With intentionally little fanfare late Friday afternoon, the Trump White House announced it would end the Obama administration’s practice of releasing White House visitor logs, outlandishly declaring the practice a “grave” national security threat. As with many developments during this administration’s frenetic first 100 days, it was all too easy to lose sight of the forest for the trees, and the swift outrage over this seemingly narrow decision soon subsided in deference to the next headline. To be understood properly, however, last week’s reversal should be seen as but one element in Donald Trump’s broader campaign against transparency.
On the domestic front, the administration has mistakenly adopted the view that transparency — whether in the form of visitor logs or the president’s tax returns — is an unnecessary virtue. When it comes to foreign policy, the Trump White House would have the American people believe transparency and national security are incompatible. As a former CIA analyst and, more recently, as the spokesperson for the National Security Council, I know the latter to be false. In fact, the opposite is the case: transparency can be a powerful strategic tool in U.S. foreign policy.
The new team has escalated America’s involvement in conflicts around the world, in several cases putting brave men and women in uniform in harm’s way with no public debate, and with little public notice. For example, Trump has gone to great lengths to tout his decision to fire 59 cruise missiles into Syria, but his administration has not addressed what is in many ways a more consequential decision: the deployment of hundreds more U.S. service members — including, for the first time, conventional forces — into Syria to fight the Islamic State.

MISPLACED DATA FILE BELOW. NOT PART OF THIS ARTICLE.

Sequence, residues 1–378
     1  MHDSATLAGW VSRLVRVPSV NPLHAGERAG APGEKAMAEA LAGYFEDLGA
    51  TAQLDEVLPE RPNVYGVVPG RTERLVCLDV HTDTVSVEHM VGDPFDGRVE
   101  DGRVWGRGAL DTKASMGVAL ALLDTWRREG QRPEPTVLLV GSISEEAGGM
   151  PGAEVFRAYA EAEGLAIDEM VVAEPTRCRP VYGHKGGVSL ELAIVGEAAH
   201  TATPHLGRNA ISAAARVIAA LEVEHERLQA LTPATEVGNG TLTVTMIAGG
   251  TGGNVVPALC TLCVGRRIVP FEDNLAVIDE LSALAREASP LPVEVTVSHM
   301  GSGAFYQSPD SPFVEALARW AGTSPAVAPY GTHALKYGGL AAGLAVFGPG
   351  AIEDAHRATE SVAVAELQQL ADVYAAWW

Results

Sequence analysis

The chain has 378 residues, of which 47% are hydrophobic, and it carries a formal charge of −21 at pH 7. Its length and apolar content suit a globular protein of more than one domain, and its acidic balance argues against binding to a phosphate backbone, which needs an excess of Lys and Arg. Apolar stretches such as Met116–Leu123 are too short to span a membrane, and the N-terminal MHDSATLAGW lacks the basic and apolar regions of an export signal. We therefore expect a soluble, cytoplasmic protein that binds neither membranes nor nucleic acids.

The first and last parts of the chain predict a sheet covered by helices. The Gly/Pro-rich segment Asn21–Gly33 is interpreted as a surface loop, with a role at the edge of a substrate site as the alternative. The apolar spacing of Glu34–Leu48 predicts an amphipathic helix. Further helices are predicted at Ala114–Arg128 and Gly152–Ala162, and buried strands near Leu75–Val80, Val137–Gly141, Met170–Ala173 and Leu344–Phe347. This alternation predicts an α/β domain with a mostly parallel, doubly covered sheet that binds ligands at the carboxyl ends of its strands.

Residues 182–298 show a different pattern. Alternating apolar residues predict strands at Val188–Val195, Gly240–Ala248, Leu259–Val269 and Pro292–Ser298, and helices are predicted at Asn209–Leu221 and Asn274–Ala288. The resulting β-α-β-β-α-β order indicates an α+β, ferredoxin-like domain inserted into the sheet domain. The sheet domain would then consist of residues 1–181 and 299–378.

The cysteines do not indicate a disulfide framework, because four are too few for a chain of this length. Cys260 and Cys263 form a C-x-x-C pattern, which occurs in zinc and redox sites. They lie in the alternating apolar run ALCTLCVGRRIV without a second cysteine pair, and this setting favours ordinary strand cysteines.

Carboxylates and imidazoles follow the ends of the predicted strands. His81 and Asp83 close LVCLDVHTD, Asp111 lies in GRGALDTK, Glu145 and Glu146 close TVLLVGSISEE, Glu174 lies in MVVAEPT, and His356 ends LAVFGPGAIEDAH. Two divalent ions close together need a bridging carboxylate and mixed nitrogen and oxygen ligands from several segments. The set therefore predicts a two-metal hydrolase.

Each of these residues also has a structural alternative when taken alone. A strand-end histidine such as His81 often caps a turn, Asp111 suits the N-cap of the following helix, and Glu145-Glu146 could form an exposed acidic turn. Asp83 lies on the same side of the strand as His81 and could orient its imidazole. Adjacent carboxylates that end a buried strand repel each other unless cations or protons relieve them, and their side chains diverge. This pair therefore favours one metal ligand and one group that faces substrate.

In Yemen, the administration has failed to explain the rationale for a series of aggressive manned and unmanned missions, one of which cost the life of a Navy SEAL in a ground raid several days into Trump’s presidency. When it comes to Somalia, a spokesperson for U.S. Africa Command last week confirmed reports that the administration would be sending “dozens” more troops to the war-torn country, familiar to most Americans because of the Black Hawk Down tragedy. When pressed on the rationale, the spokesperson said that the deployment would be “to better fight al-Shabab,” an Islamist group that has become less focused on anti-Western attacks as it has lost ground to regional forces. The subtext of the spokesperson’s statement was brusquely simple: take our word for it.
And when it comes to North Korea, the most dangerous threat that the United States faces, the administration has adopted a bizarre approach premised at least in part on going out of its way to pronounce that the administration will not comment on developments — as both Secretary of State Rex Tillerson and Secretary of Defense James Mattis have said in recent days. The desire — quixotic as it may be — to…